Can a little water really cripple the Big Apple?

Most of the press has been focused on New York, which by far was hit the hardest by Hurricane Sandy, but this article gives you a state by state breakdown of the impact of Hurricane Sandy’s. Having to cancel my trip to New York this past weekend. I wanted to understand if I made the right decision …

New York’s Flooded Subways:
5.3 Million New Yorkers depend on the Subways. It is the fifth largest subway system in the world – by far the largest in the U.S. The system took a $1.1 billion budget cut in 2009 and responded by shutting many stations after hours, slashing the number of staffed dare booths and postponing or canceling planned repairs and maintenance. For all the pumps at the systems disposal, they still can’t handle rainfall of more than 1.75 in per hour without causing disruptions. The entire subway system contains 660 miles and 468 stations- most of which is shut down because of its inundated with corrosive salt water.

  • The age of the subway system is roughly 108 years old.
  • The tunnels and stations are situated adjacent to or underneath rivers and harbors, and water seepage is unavoidable.
  • The street level grates that provide light and air to the tunnels and stations act as natural drains during even an ordinary rain, making a mess of platforms and often halting service.

Even on days when there is no rain we pump 13 million gallons of water. (Using three pump trains, 300 pump rooms and dozens of portable pumps). Hurricane Sandy put a lot more strain on the system with storm surges in lower Manhattan rising to 14 feet, blowing the doors off the previous 10 Feet record set by Hurricane Donna in 1960.

  • Below 40th Street, the subway system has an unknown number of stations that are flooded to the ceiling
  • All seven under river tubes linking the boroughs are inundated.
  • What lines are most affected See here
  • Video of MA Walks through in Flooded NYC Subway.

Preventive investments always seem too expensive at first, but only until you’re suddenly faced with the infinitely higher repair bills New York is dealing with today. And as oceans continue to warm, and sea levels continue to rise as a result of climate change, the problem is only getting worse. In the past 20 years, Hurricanes Andrew, Floyd, Katrina, Rita, Dean, Irene, Isaac and others have tried to remind us of that simple truth. Now Hurricane Sandy is adding her voice. One of these days, we might listen. Seems to be something to take into consideration when these 100 year storms appear to be hitting every two years. Now New York is looking at $10 Billion in damage to the transportation infrastructure and $40 Billion in economic losses related to the storm.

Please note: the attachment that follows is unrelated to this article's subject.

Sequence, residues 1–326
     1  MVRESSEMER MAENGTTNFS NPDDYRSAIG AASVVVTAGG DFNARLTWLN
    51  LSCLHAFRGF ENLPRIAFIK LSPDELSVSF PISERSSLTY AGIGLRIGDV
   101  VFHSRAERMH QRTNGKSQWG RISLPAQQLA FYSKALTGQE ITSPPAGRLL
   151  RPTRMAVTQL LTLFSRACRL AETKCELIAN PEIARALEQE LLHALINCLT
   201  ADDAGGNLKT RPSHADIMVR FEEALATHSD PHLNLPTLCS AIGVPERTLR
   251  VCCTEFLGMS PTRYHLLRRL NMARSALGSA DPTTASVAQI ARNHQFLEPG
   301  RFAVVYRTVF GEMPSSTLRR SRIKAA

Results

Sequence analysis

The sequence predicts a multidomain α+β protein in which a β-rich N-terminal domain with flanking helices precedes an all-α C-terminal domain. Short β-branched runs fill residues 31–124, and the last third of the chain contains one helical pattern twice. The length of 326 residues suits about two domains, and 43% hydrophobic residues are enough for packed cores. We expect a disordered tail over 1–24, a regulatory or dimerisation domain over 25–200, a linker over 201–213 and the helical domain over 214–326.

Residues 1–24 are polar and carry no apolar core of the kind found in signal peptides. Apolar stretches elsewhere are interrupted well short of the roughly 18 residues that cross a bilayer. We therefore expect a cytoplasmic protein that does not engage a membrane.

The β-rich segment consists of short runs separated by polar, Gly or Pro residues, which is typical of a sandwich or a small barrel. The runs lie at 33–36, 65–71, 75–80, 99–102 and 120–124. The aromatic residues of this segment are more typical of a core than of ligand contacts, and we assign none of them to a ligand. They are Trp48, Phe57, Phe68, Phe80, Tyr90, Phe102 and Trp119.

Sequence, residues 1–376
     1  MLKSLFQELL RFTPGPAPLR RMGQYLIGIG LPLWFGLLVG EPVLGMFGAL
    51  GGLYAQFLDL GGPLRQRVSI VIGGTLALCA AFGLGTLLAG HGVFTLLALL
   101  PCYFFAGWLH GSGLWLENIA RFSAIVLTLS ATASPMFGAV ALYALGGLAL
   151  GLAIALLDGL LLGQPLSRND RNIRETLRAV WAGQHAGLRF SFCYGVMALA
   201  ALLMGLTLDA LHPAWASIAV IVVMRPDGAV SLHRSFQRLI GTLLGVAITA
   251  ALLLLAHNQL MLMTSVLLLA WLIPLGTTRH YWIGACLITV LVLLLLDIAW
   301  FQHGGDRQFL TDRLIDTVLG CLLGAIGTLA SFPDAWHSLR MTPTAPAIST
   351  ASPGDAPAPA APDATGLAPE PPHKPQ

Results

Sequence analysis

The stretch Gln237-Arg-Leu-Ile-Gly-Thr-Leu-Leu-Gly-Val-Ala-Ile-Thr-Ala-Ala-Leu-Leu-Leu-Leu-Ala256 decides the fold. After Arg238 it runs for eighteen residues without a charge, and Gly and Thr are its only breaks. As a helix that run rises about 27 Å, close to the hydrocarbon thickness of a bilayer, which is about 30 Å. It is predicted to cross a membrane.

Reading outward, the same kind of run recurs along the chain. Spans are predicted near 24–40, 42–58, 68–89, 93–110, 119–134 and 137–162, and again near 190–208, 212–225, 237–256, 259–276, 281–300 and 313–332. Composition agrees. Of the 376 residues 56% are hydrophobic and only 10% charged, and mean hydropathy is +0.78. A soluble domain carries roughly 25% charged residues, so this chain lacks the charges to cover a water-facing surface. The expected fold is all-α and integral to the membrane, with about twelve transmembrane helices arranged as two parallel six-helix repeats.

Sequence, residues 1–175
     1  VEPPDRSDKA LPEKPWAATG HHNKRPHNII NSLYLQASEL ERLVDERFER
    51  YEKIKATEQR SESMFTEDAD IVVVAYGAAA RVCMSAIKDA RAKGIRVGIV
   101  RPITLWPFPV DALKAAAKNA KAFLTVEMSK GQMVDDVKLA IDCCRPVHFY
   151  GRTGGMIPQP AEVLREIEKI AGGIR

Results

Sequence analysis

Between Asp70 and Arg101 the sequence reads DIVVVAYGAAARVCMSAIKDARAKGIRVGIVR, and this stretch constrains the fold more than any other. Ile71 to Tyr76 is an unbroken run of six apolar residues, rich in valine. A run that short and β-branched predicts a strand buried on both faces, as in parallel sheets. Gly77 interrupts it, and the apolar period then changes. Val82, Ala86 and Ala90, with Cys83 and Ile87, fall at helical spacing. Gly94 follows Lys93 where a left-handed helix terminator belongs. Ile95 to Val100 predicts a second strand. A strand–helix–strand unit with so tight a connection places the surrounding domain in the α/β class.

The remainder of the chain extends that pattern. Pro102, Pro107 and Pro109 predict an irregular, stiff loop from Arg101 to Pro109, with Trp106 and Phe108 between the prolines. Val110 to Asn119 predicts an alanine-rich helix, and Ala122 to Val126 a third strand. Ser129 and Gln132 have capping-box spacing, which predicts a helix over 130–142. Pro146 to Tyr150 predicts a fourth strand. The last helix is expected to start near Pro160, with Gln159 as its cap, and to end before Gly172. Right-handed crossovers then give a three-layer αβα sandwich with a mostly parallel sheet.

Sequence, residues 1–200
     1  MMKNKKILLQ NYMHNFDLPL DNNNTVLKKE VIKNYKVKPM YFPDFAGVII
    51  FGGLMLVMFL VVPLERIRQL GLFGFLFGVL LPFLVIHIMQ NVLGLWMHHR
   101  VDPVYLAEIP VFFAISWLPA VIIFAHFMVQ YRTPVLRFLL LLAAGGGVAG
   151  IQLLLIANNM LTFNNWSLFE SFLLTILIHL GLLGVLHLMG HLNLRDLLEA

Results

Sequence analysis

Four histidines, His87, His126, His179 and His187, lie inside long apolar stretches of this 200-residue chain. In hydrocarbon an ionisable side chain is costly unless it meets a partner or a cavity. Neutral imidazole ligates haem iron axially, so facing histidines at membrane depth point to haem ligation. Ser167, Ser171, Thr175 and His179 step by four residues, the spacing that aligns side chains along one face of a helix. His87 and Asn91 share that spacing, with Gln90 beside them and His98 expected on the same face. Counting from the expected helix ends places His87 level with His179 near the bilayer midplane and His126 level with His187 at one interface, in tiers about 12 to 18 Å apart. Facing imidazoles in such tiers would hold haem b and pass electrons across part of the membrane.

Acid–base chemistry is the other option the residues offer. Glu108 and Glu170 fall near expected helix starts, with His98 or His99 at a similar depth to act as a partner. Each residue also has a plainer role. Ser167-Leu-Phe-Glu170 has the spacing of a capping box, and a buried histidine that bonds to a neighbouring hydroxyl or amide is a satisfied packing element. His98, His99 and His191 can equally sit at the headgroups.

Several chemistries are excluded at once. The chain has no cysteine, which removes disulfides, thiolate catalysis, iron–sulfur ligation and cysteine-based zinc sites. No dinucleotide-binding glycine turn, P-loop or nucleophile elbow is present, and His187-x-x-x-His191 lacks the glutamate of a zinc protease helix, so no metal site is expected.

Resolution:
The Army, Air National Guard, Pentagon, Navy and Army Corps of Engineers are all working on power restoration and water clearance. The Army Corps of Engineers is primarily focusing on the subway system with 35 large-scale projects focusing on New York alone. The clean up process is extensive since all the tunnels are filled with salt water. It will be a long, painstaking cleanup. Every single piece of equipment- Signals, contacts, everything- has to be disassembled cleaned and dried. Then it can finally be reinstalled, luckily the subway cars themselves were stored in the high ground. New methods being taken into consideration to assist with clearing the tunnels is the use of a balloon. Which would inflate blocking the tunnel allowing for the pumps to take a manageable load? However, these balloons are a current project of the Department of Homeland Security to protect subways from terrorist gas attacks. New York should take notes from Bangkok which in 2011 faced a monsoon and despite the extensive flooding the subway system remained fully operational.

New Jersey Water Supply:
Governor Christie signed a mandatory statewide water use restrictions declaring a State of Water Emergency for New Jersey. Department of Environmental Protection to implement water usage instructions across the state. To make sure everyone has access to clean water, therefore, everyone must use water within moderation in an attempt to conserve water while we restore power at our supply facilities. Securing availability of clean water for everyone who needs it. The use restrictions including:

  • all indoor water use (showers, baths, domestic cleaning)
  • Nonessential Outdoor watering is prohibited
  • Watering grass, lawns, and landscapes prohibited
  • Washing paved surfaces prohibited
  • Filling: fountains, artificial waterfalls, pools is prohibited
  • Municipal street sweeping heavily restricted
  • Car washing prohibited
  • Serving water in restaurants, clubs or other eating establishments is prohibited unless requested by patrons.

Crazy Random Facts:

  • Hurricane Irene, visited New York last year, cost the city alone $55 million according to the New York Daily News.
  • In 2007, a 3.5 inches of rainfall overwhelmed New York City’s Subways pumps shutting down 19 lines.
  • In 1983, a Hurricane struck New York and washed Hog Island, a geographical feature south of Rockaway Beach, right off the map.
  • The New England Hurricane of 1938 was a last minute Hurricane to directly take a swipe at New York. As a point of reference, a major hurricane hits the Big Apple about every 75 years.